Aim: The objective of this study is to give a sense of how formal and informal online communities of individuals with dementia use a variety of internet services to share peer support and knowledge, while adding quality to their social lives.

Methods: The research is based on a blend of digital ethnographic tools, including observation, live experience-alongs, interviews, analysis of user-generated content and narratives.

Results: This first-of-a-kind study provides an anthropological perspective onto the experiences that people with dementia have online. More specifically, it illustrates how internet is helping them come together in ways that are changing both how they both experience and express their illness while contributing positively to their everyday lives.

Conclusion: An anthropological perspective on the online social interactions of individuals with dementia may not only enrich and deepen our current understanding of the illness as a sociocultural experience, but it has also much to offer as a basis for post-diagnostic interventions.

P5.4. Living at home – an online show-flat (not only) for people living with dementia

JACOBSEN Wienke

In old age and especially living with dementia, the importance of the home and narrow living environment increases as mobility and cognitive functions decrease. The majority of the people with dementia lives in their own homes, mostly cared for by relatives. Living at home means independence, self-determination, comfort and familiarity, but beside of that, there is a need of adequate protection and security. Often these needs and the living situation do not match: stairs and doors are insurmountable obstacles, bathrooms are not wheelchair accessible, the stove might be left on or mirrors could scare people with dementia.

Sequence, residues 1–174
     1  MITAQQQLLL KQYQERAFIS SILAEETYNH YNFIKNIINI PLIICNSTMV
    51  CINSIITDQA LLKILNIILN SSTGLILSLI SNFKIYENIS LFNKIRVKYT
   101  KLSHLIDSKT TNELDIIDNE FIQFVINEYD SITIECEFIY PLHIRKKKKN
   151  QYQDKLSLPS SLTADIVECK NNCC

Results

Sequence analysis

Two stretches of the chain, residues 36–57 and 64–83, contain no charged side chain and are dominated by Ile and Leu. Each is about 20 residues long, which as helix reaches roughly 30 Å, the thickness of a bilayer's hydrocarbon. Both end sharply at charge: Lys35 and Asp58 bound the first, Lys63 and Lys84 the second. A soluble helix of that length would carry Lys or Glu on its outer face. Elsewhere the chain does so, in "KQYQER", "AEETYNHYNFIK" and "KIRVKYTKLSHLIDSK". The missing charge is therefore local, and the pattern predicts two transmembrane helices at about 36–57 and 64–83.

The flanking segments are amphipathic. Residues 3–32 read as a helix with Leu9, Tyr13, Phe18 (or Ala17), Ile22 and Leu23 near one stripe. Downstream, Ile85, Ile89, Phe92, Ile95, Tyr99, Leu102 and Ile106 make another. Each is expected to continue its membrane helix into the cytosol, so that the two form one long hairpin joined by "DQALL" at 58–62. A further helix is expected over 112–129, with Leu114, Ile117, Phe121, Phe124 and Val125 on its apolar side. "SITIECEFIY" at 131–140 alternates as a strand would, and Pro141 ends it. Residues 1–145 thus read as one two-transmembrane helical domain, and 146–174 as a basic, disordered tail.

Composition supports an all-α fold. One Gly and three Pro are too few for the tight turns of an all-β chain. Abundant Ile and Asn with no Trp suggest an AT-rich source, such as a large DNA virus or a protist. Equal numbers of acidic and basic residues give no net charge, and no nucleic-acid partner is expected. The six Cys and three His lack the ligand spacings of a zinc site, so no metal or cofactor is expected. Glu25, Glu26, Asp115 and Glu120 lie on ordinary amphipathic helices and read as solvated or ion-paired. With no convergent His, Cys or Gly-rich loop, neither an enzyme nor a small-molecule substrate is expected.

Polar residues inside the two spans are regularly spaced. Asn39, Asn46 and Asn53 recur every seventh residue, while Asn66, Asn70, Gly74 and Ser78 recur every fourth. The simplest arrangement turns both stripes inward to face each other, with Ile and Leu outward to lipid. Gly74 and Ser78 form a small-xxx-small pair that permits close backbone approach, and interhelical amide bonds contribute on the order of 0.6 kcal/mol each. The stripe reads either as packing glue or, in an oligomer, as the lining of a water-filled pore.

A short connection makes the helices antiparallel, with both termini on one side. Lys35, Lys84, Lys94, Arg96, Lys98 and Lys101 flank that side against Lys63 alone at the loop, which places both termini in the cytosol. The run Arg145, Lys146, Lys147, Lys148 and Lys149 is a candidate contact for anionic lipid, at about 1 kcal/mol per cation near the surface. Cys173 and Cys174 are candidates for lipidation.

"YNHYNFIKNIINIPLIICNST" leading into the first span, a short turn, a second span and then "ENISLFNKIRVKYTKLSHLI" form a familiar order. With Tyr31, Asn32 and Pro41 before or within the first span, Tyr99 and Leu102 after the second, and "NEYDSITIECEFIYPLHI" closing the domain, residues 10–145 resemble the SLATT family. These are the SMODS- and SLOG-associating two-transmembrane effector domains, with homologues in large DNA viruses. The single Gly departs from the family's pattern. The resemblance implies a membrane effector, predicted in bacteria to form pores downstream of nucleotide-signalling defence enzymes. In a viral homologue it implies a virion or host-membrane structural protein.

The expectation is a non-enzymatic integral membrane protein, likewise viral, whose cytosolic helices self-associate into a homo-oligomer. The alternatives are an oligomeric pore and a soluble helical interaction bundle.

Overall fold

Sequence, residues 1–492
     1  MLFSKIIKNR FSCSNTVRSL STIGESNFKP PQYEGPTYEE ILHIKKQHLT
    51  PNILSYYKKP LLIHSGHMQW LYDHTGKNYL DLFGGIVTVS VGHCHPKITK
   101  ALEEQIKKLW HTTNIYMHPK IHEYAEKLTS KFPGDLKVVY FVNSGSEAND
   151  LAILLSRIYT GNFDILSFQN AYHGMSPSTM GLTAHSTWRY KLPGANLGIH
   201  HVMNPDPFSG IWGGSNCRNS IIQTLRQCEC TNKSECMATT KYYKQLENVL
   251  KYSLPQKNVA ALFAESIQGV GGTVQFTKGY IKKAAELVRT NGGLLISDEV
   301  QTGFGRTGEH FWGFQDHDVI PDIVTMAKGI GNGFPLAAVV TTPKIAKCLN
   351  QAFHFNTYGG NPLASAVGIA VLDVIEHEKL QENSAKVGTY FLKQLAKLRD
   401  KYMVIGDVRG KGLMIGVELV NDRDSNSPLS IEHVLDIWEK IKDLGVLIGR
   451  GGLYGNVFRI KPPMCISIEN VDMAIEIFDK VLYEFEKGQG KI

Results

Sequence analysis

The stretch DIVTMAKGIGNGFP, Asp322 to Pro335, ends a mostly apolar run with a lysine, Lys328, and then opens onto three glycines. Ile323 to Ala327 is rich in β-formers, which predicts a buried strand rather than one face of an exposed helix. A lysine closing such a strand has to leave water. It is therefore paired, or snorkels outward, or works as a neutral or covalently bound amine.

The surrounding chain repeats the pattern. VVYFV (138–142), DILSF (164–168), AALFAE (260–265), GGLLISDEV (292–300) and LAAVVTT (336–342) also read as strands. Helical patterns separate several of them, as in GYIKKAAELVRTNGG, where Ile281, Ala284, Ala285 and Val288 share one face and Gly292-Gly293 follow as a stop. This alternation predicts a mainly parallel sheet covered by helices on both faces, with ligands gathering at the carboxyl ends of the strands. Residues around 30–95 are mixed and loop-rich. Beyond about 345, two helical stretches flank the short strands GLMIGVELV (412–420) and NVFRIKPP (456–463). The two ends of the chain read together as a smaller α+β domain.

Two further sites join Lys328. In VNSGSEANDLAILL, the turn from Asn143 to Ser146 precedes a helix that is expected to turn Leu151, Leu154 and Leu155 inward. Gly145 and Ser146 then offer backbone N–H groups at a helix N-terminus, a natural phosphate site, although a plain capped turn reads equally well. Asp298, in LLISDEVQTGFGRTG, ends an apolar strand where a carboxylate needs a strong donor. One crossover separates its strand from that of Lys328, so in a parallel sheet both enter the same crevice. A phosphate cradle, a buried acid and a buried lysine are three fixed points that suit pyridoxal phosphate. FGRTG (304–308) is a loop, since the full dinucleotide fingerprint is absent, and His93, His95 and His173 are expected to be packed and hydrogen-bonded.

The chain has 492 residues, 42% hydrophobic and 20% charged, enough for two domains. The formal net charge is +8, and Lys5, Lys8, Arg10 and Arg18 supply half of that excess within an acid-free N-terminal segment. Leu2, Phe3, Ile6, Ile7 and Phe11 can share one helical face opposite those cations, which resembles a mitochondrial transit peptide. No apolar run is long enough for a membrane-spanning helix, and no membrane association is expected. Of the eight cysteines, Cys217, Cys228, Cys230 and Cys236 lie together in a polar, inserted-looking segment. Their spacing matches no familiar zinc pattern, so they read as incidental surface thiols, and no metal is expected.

Therefore, comprehensive and individual information on possible aids or small reconstruction works for apartment adaptation is offered by the Competence Center Dementia, a project of the Alzheimer Association Schleswig-Holstein. A model apartment (show-flat) for people (not only) with dementia, which was the first one in Germany, is located right next to the office, where professionals and families can try everything out to see if they like it. This is an excellent way to gather information and obtain practical tips for home adaptation and financing.